Today, India, for the size that it is, has only four airlines that fly international: Full service carriers (FSCs) Air India and its subsidiaries, and Jet Airways, and Low cost carriers (LCCs) SpiceJet and IndiGo. This is in contrast to the 10 airlines that operate domestic scheduled services in India, today. While Indian carriers flew 81 million domestic passengers in calendar year 2015 (CY2015), Indian carriers flew only 18 million passengers in the same period.
Only two airlines/airline groups operate short, medium and long haul international services: Air India and Jet Airways. Both airlines have diverse fleets: from short haul domestic ATR 72 turboprops to long haul international Boeing 777s. The LCCs in contrast have narrowbody jets that can cater only to short haul international services.
Due to the limitations of fleet and perhaps the lack of commercially attractive international destinations, LCCs IndiGo and SpiceJet deployed only 4.8% and 9.5% of their total flights on international, in CY2015. In contrast, Jet Airways (Including operations from the Jetlite AOP) deployed 22.1%, while Air India (Including Air India Express and Air India Regional (Alliance)) deployed 32.7% of its total flights on international. Air India and Jet Airways together contribute to 84.5% of all international departures by Indian carriers, while IndiGo and SpiceJet contribute to just 8.8% and 6.8% respectively.
This statistic shows IndiGo and SpiceJet are very small players in the international front, serving destinations at neighbouring countries. IndiGo operates only to five international destinations: Kathmandu (Nepal), Muscat (Oman), Singapore (Singapore), Bangkok (Thailand), and Dubai (U.A.E.), while SpiceJet operates only to six international destinations: Bangkok (Thailand), Colombo (Sri Lanka), Dubai (U.A.E), Kabul (Afghanistan), Male (Maldives), and Muscat (Oman).
Air India and Jet Airways started operations before the 5/20 rule was instated in the year 2005. IndiGo and SpiceJet started operations after the 5/20 rule was introduced. The 5/20 rule requires airlines to operate domestic services for a minimum period of five years, after which it can fly international only if the airline has a fleet size of 20 or greater.
Air India Express was the only airline to start immediate international operations (although on an AOP different from Air India) after the 5/20 rule was introduced. The first flight of the airline was an international flight.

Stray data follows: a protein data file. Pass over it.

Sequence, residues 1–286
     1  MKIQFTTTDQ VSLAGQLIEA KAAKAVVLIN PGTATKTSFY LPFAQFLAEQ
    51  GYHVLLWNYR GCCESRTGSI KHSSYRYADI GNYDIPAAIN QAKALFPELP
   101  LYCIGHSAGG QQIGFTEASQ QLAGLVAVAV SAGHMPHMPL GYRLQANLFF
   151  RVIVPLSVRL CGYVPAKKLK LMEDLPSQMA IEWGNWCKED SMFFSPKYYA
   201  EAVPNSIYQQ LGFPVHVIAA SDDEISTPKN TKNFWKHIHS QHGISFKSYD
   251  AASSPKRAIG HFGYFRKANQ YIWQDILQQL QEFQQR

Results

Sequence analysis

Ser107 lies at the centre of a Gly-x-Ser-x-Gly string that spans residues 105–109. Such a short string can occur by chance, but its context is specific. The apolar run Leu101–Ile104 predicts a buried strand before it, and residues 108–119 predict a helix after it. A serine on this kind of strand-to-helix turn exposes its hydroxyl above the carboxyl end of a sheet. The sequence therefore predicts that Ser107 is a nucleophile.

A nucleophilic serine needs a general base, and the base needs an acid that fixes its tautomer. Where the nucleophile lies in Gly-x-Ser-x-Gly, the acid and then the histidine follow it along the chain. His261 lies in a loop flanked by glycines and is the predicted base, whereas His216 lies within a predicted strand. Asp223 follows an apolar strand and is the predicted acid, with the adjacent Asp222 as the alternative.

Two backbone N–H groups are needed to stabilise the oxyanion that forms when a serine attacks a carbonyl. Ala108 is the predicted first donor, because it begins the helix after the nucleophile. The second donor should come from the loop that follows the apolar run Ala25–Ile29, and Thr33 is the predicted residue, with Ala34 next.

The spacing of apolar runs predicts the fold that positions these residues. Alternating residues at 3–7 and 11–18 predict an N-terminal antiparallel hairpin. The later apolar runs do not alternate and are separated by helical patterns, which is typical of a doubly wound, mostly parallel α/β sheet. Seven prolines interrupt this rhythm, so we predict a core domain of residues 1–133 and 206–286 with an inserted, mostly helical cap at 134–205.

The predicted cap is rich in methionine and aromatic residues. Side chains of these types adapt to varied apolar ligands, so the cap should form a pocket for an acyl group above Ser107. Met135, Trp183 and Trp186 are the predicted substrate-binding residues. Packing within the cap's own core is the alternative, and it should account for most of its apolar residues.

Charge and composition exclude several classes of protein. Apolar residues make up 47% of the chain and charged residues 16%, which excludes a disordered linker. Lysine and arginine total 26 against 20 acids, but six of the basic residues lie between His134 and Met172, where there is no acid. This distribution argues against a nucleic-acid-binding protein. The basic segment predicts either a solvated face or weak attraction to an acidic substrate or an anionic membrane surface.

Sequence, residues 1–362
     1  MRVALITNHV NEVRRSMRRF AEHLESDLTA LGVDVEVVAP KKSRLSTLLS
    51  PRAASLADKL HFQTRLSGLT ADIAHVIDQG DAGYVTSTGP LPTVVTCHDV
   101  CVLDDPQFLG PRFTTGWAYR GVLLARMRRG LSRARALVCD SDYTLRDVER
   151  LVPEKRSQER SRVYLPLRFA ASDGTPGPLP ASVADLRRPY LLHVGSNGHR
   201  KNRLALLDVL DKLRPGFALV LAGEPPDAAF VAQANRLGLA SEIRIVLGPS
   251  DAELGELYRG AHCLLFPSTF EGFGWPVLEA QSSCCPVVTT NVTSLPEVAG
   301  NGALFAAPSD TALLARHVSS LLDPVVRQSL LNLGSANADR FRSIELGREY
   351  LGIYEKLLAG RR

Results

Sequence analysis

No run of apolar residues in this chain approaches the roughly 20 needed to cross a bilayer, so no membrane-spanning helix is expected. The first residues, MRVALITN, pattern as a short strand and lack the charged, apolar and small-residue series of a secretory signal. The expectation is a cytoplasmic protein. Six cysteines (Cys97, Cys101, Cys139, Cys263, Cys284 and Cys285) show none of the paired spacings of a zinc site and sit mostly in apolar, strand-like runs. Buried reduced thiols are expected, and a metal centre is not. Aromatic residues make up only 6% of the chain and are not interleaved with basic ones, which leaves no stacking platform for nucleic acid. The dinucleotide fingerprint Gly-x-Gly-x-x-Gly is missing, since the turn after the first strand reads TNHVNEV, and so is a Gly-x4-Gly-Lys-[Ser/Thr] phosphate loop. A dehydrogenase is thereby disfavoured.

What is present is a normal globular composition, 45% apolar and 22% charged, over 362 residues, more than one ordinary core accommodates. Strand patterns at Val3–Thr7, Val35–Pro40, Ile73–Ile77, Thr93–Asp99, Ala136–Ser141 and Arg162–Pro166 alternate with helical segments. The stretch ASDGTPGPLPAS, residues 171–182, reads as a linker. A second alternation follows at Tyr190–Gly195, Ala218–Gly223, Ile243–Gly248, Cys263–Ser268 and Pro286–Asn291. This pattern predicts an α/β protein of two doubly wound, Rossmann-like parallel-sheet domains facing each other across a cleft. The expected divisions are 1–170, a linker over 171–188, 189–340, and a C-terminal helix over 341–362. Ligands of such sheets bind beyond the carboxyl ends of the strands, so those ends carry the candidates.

Neither IndiGo nor SpiceJet fought the 5/20 rule at that time as the focus of both airlines then, as it is today, is to tap the potential of the domestic market. SpiceJet started international operations in October 2010, while IndiGo commenced international operations in September 2011. Despite both LCCs having started international operations nearly five years ago, when the scale of domestic operations were smaller, both airlines chose not to focus on international operations. (See IndiGo’s fleet induction, here) Both airlines always had the option of inducting larger aircraft to serve destinations beyond the surrounding Asian and Middle East countries. But such is not their business model.
As a result, the only Indian carriers to majorly serve international are Air India and Jet Airways, both of which were not ‘victims’ of the 5/20 rule, whereas IndiGo and SpiceJet, which chose to focus on domestic even though they started international operations five years ago, are ‘victims’ of the 5/20 rule, strongly opposing the removal of the a rule that means nothing, and does not impact either airline..
Go Air started operations in the year 2005, but chose not to increase its fleet beyond 19 aircraft. It deferred its 20th aircraft, which was readied by Airbus. As a result, the airline does not fly international, and seems to have no issues remaining a domestic player. Yet, the airline opposes the removal of the 5/20 rule, though it chose not to operate international.
In the quarter ending 31st December 2015, a total of 12.6 million international passengers were carried by both Indian and international airlines. Of that number, Indian carriers flew just 4.5 million passengers, or just 36% of the total traffic.